No! I am not Prince Hamlet, nor was meant to be;
Am an attendant lord, one that will do
To swell a progress, start a scene or two,
Advise the prince; no doubt, an easy tool,
Deferential, glad to be of use,
Politic, cautious, and meticulous;
Full of high sentence, but a bit obtuse;
At times, indeed, almost ridiculous—
Almost, at times, the Fool.
-Eliot, “The Love Song of J. Alfred Prufrock”
Mathematical researchers experience severe isolation engendered by the constant pursuit of proofs and publications. In the global North, this isolation is frequently compounded by a paucity of tenure-track positions and the increasing adjunctification of the higher-education space. The dearth of academic positions in university mathematics is compounded by a seemingly ubiquitous institutional obsession with the efficiency of academic production. In the undergraduate education space, this production is measured reductionistically in terms of student success and retention metrics. In the research space, the content of the production and its attendant metrics differ. These include impact factors, objective success in facilitating conferences, demonstrated achievements in obtaining grants, and a litany of related pursuits. The punitive nature of these metrics is a precipitating factor in the poor placement of scientific Ph.D. graduates into the “good” tenured positions that provide a scintilla of security after the bitter slog of Ph.D. and postdoctoral specialization. Academic freedom is to be purchased at the price of a battle merely to possess the same. One might say that the hue and cry of circumstance prove beyond a reasonable doubt that the price of academic freedom is eternal vigilance, and that the price of the gilded indenture of tenure is to glibly regret that such vigilance was ever necessary.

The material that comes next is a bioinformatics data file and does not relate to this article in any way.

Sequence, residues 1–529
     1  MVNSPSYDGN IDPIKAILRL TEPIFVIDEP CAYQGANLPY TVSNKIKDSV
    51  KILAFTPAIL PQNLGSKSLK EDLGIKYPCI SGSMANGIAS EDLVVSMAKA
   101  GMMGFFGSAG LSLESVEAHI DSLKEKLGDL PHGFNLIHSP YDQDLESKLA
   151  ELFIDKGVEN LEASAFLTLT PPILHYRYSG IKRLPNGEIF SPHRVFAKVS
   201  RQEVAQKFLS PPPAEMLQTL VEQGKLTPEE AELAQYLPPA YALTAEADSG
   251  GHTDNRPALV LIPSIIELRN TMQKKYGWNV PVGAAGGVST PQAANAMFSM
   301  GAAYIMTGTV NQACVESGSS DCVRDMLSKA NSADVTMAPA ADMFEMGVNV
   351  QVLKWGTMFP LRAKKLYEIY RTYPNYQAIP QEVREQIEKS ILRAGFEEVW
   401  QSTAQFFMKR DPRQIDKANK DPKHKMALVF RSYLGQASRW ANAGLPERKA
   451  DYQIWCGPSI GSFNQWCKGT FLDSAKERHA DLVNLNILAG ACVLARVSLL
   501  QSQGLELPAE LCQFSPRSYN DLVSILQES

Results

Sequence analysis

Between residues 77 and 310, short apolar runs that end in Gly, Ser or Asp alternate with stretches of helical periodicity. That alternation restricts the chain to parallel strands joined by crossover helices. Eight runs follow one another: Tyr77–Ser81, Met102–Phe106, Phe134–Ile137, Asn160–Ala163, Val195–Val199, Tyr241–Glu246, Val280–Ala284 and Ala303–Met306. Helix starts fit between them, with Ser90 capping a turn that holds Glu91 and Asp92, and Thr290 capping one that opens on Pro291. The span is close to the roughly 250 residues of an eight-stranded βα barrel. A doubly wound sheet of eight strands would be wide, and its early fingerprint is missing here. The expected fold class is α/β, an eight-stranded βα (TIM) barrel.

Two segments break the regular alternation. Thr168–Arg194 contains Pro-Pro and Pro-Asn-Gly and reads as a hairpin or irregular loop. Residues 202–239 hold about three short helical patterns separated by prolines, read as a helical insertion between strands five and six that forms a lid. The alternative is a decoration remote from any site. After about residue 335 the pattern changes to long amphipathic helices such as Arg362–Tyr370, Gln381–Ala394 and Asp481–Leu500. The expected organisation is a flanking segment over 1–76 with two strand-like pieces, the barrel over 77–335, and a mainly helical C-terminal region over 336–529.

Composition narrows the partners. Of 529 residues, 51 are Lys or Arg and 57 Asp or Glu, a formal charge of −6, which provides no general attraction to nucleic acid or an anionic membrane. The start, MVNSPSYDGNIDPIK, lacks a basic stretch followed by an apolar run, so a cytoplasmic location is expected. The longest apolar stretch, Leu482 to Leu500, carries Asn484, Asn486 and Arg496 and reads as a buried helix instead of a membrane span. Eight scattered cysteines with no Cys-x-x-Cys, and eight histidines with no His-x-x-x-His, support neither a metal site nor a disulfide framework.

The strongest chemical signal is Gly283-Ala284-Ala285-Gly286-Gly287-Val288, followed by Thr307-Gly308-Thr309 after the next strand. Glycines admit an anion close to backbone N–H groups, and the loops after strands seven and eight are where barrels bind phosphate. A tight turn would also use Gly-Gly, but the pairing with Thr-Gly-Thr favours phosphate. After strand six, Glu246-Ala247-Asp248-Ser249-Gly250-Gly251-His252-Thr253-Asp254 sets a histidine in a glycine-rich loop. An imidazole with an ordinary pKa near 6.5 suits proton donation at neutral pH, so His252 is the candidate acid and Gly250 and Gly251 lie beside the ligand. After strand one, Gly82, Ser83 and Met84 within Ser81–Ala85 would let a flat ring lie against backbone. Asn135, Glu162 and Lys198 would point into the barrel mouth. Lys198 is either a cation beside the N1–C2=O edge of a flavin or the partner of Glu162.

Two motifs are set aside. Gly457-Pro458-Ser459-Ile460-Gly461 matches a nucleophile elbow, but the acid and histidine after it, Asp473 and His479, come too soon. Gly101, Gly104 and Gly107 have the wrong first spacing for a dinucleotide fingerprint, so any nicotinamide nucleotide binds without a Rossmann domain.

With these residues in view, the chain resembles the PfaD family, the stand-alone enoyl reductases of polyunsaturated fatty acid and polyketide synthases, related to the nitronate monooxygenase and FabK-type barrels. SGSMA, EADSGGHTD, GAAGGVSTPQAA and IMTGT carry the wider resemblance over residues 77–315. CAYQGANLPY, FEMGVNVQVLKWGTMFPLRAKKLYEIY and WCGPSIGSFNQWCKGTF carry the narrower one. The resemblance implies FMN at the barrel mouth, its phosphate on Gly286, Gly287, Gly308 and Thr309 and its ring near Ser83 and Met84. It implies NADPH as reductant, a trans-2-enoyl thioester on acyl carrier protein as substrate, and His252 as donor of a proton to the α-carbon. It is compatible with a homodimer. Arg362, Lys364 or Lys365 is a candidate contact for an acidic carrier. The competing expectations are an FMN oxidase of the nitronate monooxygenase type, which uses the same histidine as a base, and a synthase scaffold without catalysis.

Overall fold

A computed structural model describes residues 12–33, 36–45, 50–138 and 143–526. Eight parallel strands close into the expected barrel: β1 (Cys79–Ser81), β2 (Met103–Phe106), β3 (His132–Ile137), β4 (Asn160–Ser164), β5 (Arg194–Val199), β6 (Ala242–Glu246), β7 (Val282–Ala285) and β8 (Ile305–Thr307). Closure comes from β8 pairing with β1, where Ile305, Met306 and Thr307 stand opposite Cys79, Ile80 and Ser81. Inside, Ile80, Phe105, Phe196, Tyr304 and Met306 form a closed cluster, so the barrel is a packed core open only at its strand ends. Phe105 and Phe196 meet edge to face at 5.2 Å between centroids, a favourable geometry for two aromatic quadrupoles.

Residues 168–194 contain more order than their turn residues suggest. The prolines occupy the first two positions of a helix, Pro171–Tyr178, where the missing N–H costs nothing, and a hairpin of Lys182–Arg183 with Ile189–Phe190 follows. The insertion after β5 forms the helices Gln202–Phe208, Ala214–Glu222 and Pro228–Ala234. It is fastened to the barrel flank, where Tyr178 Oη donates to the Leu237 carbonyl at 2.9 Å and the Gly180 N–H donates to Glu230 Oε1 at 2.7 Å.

Not one-tenth of the professional mathematical population of the world can afford access to mathematical journals, but those in the developing world are rightly required to know the same results as any other practitioners. Paywalls, like other walls, keep the rich content, the poor hungry, and others loathsomely apathetic. The mathematical profession has never had a systematic commitment to attain knowledge-equity within its own ranks. To suppose that everybody should have everything is not equivalent to asserting that everybody should not have something. For instance, it seems particularly striking that so few in the West cared or understood before the current political zeitgeist that Ukraine’s universities suffered from a chronic lack of funding for conference attendance, textbooks, articles, and research monographs. Few in the Western mathematical community cared about such equity then. Tenure was always too strong a god, even if its price was to subscribe and submit to journals that deprive the poor of any reasonable chance of access. Western mathematicians condemning adjunctification should boldly carry both banners, as both are noble ones. The same crusaders should equally ensure that their colleagues around the world should not have to suffer from the inaccessibility of resources necessary for mathematical progress. It is pharisaical to bemoan what one claims as injustice when almost none of the aggrieved can afford to read what is written of their plight and not written of their absence. It is an exigent moral imperative to recognize that such inequality demands a concerted war of resolution that begins by making peer-reviewed knowledge freely available to everyone, everywhere, via the expediency of modern technologies. It is high time to forget impact factors and paywalls and to begin to define mathematical life in terms of the moral essentials of its global prosecution. Mathematicians as a global scholarly community must craft a pitched battle against the yawning gap in global resource equity within our own profession.